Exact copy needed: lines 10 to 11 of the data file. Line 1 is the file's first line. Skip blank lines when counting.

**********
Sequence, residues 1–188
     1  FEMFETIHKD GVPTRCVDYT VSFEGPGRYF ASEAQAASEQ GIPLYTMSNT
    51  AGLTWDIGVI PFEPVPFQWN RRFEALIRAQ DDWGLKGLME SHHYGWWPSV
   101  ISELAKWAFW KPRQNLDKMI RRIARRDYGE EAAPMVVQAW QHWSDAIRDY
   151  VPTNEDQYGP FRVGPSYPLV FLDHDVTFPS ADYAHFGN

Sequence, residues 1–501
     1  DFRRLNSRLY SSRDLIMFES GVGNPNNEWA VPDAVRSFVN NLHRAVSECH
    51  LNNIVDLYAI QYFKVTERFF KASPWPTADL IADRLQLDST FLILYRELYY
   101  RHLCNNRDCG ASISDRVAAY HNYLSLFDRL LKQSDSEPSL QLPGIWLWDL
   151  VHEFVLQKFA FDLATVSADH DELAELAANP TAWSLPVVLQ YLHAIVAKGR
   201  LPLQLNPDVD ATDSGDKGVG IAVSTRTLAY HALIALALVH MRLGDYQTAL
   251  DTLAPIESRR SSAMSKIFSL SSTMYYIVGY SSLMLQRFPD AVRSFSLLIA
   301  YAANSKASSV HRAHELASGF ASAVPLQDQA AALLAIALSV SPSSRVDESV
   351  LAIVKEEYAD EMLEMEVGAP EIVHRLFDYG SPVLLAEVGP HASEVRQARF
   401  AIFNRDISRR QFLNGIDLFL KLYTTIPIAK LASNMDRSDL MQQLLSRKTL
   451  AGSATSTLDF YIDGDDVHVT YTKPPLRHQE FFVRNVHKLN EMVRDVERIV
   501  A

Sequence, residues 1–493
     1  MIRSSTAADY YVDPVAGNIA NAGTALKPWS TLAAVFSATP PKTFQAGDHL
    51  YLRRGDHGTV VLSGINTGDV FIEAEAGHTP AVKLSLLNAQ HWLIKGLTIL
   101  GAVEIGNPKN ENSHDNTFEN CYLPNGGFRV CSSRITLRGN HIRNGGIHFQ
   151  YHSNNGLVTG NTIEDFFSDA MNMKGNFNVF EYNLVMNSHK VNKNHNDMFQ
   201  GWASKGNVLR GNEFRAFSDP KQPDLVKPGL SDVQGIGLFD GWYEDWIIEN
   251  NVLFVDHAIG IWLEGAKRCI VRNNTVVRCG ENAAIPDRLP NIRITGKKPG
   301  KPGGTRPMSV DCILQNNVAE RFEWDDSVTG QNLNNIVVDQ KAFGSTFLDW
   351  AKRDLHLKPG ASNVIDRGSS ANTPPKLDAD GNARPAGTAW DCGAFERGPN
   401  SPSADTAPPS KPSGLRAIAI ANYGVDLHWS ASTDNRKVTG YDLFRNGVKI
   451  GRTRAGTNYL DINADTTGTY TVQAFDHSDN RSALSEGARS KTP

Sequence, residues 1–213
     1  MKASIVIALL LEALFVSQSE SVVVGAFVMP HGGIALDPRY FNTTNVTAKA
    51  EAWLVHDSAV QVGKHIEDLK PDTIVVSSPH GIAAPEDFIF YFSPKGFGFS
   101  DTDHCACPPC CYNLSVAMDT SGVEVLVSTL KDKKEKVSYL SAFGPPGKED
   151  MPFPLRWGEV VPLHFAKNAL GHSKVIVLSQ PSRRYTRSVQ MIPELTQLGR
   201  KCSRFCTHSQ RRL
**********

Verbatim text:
   151  VHEFVLQKFA FDLATVSADH DELAELAANP TAWSLPVVLQ YLHAIVAKGR
   201  LPLQLNPDVD ATDSGDKGVG IAVSTRTLAY HALIALALVH MRLGDYQTAL